NEW YORK — J.C. Penney's reassurance that its transformation is on track seems to be calming investors — for now.
The beleaguered department store chain, which had seen its shares in a free fall in recent days, on Thursday sought to appease investors who were worried about the company's cash liquidity and sales following a gloomy analyst report on the company.
The department store chain released a statement on Thursday that it was pleased with its turnaround efforts. CNBC also quoted Penney's CEO Mike Ullman as saying that he doesn't see conditions this year where "we'd need to raise liquidity."
The statements came after Penney shares fell near 13-year lows on Wednesday to close at $10.12. Shares surged nearly 11 percent to $11.21 late morning on Thursday. Overall, shares have lost about 75 percent of their value since early February 2012.
Wednesday's free fall came a day after a gloomy analysis by Goldman Sachs, which began coverage of Penney's unsecured debt with an "Underperform" rating. In the report, Goldman Sachs analyst Kristen McDuffy wrote that she fears that the company will be forced to tap into the debt markets for more cash. McDuffy also said that she believes that the current and fourth quarter will be difficult, with business likely showing a slower-than-expected improvement.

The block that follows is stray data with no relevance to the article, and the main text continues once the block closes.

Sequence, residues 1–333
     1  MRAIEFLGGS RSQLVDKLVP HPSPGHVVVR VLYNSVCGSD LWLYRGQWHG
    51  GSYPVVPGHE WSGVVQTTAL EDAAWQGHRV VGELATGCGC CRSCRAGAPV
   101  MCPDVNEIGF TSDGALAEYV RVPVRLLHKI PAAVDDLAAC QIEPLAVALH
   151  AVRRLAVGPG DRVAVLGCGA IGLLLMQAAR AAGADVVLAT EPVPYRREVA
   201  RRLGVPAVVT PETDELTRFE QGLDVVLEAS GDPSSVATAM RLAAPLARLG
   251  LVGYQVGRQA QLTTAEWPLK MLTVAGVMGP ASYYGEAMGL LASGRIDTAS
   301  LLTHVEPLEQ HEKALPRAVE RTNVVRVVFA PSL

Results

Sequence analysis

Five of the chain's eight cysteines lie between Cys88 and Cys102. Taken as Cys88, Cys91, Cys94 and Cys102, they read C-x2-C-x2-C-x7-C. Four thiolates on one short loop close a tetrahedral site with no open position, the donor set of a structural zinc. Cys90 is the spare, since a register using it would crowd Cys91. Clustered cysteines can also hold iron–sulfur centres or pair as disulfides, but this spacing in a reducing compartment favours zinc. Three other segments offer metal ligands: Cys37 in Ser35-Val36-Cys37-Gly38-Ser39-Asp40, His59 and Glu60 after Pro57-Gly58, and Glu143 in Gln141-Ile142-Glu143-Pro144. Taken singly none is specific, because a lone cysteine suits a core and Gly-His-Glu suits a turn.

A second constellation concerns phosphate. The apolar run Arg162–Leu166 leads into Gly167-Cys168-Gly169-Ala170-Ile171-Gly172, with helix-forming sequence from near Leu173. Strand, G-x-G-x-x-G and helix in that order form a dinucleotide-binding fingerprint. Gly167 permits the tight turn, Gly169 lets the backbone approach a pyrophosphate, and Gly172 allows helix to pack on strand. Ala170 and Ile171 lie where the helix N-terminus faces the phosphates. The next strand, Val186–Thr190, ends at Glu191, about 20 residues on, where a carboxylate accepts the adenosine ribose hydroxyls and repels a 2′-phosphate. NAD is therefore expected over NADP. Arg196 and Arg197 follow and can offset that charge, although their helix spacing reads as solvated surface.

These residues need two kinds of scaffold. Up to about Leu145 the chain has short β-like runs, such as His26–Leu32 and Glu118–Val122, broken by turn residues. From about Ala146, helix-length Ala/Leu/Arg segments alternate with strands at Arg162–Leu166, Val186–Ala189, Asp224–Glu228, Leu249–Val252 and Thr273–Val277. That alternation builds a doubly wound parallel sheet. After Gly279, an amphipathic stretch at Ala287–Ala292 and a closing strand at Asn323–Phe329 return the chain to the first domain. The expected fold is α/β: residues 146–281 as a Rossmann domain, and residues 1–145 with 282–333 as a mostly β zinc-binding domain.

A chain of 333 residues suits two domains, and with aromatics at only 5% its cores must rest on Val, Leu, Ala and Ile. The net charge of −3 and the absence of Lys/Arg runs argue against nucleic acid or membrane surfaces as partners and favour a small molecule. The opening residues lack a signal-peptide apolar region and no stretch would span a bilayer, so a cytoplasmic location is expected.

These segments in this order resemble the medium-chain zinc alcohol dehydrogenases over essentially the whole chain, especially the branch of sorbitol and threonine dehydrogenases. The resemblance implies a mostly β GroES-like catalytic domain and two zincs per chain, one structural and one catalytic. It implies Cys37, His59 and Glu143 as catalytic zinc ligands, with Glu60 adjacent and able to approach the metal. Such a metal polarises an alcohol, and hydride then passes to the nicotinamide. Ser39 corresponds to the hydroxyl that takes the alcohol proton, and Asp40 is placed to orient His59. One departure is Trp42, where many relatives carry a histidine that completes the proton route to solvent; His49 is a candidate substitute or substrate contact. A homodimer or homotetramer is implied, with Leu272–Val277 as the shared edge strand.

Reports have been swirling since late last week that Penney is looking to raise more money, possibly through a combination of debt and equity. J.C. Penney's reported search for more capital comes after it arranged a $2.25 billion loan this past spring with Goldman Sachs.
In the statement released Thursday, the Plano, Texas-based department store reiterated that it expects to see revenue at stores open at least a year rise toward the end of the third quarter and throughout the fourth quarter. The figure is considered an indicator of a retailer's health.
Penney said that it's seeing increased buying online and in its stores mostly because it has key items back in stock and sizes that shoppers are looking for. It also cited greater predictability in its performance across many areas.
Penney is trying to recover from a botched transformation plan spearheaded by former CEO Ron Johnson that led to disastrous financial results. The board ousted Johnson in April after 17 months on the job and rehired Ullman, who had been CEO of the retailer from 2004 to late 2011. Under Ullman, Penney is bringing back sales events that had been ditched and restoring basic merchandise like khakis that were eliminated by Johnson.